Typically, an automobile is a self-propelled wheeled vehicle, which is used for transportation, commerce, and pleasure. These vehicles are powered by internal combustion engines, gasoline, or electric motors. They are highly complex technical systems, containing thousands of component parts.
The automobile’s origins date back to the mid-Victorian era. Bicycle builder Ernest Michaux developed a similar contraption. A three-wheeler was built by Edward Butler in 1884, with a horizontal single-cylinder gasoline engine and a drive chain to the rear wheel.
In the United States, the Model T was introduced in 1908 by the Ford Motor Company. It was a mass-produced car that made it possible for a middle-class family to afford a car.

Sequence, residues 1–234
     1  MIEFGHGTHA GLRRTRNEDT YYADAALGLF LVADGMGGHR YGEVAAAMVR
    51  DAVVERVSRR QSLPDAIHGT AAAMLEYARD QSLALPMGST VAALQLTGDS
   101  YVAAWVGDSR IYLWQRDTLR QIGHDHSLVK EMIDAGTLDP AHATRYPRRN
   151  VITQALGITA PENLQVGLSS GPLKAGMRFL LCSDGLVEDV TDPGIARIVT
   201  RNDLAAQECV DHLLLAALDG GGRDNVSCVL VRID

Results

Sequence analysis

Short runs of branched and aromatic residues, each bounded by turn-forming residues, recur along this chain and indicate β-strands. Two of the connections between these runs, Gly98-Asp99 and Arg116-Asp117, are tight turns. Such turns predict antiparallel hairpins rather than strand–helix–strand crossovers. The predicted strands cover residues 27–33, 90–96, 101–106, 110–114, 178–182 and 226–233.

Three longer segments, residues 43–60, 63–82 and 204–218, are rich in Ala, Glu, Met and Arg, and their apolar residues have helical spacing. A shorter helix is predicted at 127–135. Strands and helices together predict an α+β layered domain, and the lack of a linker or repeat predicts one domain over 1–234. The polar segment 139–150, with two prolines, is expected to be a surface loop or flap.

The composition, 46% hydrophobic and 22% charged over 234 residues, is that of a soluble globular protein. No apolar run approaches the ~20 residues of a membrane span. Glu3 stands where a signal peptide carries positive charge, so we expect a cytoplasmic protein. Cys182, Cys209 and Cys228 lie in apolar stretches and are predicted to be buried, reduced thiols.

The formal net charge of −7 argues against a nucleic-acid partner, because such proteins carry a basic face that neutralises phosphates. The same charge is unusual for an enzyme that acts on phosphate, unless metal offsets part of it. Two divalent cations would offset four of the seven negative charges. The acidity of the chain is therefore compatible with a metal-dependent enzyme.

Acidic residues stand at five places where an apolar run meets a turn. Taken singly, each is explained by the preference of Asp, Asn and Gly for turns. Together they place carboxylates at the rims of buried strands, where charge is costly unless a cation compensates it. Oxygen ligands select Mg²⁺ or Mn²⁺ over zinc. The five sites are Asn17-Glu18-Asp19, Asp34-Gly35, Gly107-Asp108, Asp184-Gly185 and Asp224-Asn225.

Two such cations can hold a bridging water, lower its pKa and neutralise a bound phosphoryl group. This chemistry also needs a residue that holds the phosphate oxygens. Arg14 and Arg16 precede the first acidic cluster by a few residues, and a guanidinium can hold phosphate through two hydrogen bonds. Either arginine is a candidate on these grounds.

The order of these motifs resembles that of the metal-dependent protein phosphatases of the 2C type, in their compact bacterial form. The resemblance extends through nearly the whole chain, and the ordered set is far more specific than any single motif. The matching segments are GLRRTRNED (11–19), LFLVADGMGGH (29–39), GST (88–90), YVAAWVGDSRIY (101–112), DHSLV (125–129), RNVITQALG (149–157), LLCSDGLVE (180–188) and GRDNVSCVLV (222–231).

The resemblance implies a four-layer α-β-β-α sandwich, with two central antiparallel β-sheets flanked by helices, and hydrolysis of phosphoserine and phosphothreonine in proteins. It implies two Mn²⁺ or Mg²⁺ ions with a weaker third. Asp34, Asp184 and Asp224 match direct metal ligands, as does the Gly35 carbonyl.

During the first half of the twentieth century, the automotive industry grew rapidly in the US. It subsequently surpassed other countries’ auto manufacturing. It became increasingly concentrated in the hands of a few companies.
During the late twentieth century, auto manufacturers were required to adhere to stricter standards. The goal was to improve emissions and fuel efficiency. They were also required to have more standardized designs, such as advertising. The auto industry was considered an essential part of the developed economy.
In 1965, consumer safety advocates began to pressure the federal government to adopt safety standards for the automobile. During the early 1980s, the U.S. and Japanese auto industries were in crisis, but the government was able to bail out Chrysler Corporation and a few other companies.